TED Chief Chris Anderson on the neuroscience of memes and the future of TED

Before Chris Anderson bought it in 2001, the TED conference was like a hip indie band only the in-crowd knew about. It was cool, small, had incredible buzz, and always sold out its small-ish venue. An unabashedly for-profit jam, TED had never posted a video online (it was too early for that), and happened once a year in Monterrey, California.

What a difference a decade and a half makes. TED videos are now viewed 2.5 billion times per year, and volunteer-organized TEDx events – many of them far larger than the main conference – take place somewhere on our planet ten times a day. And TED no longer funnels earnings to an owner, but pours every dime earned by its cash cow of a main conference into spreading ideas, free of charge, to anyone and everyone on Earth.

Chris has strategized, managed, and overseen TED's extreme makeover. We discuss it, Chris's remarkable personal story, how evolution wired humans to transmit ideas via charismatic oratory, and much more in this week's edition of the After On podcast. You can hear it by searching "After On" in your favorite podcast app, or by clicking right here:

Links to interviews with other thinkers, founders, and scientists can be found here, with topics including Fermi's Paradox, quantum computing, drones, the dangers of superintelligence, synthetic biology, consciousness & neuroscience, augmented reality, and more.

Though I've known Chris for decades and have spent hundreds of hours in conversation with him, I learned quite a bit from this interview. I hadn't realized he'd spent much of his childhood in a mud hut in Pakistan, heard the full story of shedding his once-fervent Christianity, nor gotten quite so deep into the evolutionary psychology of memes. I already knew most of what we touched on regarding TED – but I'm near the expert level on that topic, so most listeners will learn plenty from that discussion as well.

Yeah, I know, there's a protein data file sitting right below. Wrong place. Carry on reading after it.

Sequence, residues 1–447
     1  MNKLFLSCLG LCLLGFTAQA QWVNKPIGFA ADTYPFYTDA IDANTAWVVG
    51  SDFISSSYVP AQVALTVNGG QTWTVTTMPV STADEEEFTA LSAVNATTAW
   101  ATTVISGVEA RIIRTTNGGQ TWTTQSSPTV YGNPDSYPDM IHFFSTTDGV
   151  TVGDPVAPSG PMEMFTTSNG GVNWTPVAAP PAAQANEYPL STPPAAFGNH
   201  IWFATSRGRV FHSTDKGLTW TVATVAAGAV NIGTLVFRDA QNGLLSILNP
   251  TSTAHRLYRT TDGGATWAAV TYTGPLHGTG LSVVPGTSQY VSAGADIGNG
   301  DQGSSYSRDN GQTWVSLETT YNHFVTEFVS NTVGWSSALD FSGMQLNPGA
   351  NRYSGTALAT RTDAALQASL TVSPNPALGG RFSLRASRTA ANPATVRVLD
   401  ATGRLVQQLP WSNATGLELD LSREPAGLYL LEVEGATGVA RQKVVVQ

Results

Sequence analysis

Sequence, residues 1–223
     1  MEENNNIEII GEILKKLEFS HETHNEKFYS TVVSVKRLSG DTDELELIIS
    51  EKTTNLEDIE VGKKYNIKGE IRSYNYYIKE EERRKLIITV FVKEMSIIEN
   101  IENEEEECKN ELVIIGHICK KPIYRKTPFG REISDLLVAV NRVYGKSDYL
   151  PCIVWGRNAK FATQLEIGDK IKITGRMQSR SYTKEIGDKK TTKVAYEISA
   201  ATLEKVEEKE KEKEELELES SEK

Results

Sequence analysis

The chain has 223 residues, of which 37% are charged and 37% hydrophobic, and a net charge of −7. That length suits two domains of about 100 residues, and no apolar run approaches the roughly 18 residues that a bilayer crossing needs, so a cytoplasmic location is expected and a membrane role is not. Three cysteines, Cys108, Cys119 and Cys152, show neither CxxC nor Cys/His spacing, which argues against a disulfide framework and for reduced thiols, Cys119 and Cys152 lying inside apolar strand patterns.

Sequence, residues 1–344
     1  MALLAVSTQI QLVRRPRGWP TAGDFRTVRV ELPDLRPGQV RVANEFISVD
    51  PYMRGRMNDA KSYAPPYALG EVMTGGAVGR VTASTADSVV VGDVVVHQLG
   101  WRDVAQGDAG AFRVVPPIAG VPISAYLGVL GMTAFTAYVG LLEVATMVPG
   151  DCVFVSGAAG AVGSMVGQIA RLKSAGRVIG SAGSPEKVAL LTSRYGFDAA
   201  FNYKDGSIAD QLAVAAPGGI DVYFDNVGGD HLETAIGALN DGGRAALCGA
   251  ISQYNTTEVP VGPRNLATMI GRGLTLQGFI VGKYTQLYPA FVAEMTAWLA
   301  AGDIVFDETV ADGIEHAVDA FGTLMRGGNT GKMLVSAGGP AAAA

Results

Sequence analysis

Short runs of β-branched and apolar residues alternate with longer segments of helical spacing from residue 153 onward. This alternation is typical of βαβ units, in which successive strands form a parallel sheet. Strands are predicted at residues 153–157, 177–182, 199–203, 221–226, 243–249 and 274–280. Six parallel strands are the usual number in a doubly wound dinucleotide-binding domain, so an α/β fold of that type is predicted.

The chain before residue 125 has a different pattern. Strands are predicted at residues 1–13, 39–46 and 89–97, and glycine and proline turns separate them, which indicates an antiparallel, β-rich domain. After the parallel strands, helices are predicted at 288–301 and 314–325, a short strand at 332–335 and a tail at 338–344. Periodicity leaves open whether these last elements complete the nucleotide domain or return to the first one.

Though he's shed the religiosity he was raised with, Chris retains a certain missionary-like commitment and fervor. When this radiates through TED, some embrace it as idealism whereas others dismiss it as earnestness.

But whatever your take on TED's energy, it's hard to be cynical about Chris's generosity in connection to it. He bought the conference with money earned from his business career, which he sequestered into a foundation, which now owns and runs TED as a not-for-profit. He has since spent sixteen years working extreme hours in a highly stressful job for no salary, transforming TED into the idea-dissemination engine it now is.

The episode runs about 80 minutes. For those in a hurry, here are timestamps of some highlights:

0:07:50 – Turning TED into a not-for-profit (and the surprising operating advantages of this)

10:40 – The amazing phenomenon (and astounding scope) of volunteer-organized "TEDx" events

26:10 – Chris's personal story, from mud hut to running TED

42:29 – Deciding to give away the crown jewels that conference-goers pay vast sums to access by putting the TED talks online

1:00:15 – The evolutionary psychology of charismatic oratory as a vector for memes.

1:06:52 – The promise and peril of 2 billion or more people first getting online quite suddenly over the next few years